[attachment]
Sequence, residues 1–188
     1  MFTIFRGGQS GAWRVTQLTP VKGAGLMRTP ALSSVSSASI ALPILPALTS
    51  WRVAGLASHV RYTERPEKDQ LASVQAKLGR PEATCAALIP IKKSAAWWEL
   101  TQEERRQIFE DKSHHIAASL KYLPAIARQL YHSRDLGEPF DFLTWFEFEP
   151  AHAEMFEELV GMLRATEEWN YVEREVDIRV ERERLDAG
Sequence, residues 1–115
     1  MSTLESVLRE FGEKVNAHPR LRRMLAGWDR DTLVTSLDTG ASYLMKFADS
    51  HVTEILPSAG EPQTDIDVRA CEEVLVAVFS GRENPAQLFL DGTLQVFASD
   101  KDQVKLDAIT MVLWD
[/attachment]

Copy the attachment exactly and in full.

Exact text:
Sequence, residues 1–188
     1  MFTIFRGGQS GAWRVTQLTP VKGAGLMRTP ALSSVSSASI ALPILPALTS
    51  WRVAGLASHV RYTERPEKDQ LASVQAKLGR PEATCAALIP IKKSAAWWEL
   101  TQEERRQIFE DKSHHIAASL KYLPAIARQL YHSRDLGEPF DFLTWFEFEP
   151  AHAEMFEELV GMLRATEEWN YVEREVDIRV ERERLDAG
Sequence, residues 1–115
     1  MSTLESVLRE FGEKVNAHPR LRRMLAGWDR DTLVTSLDTG ASYLMKFADS
    51  HVTEILPSAG EPQTDIDVRA CEEVLVAVFS GRENPAQLFL DGTLQVFASD
   101  KDQVKLDAIT MVLWD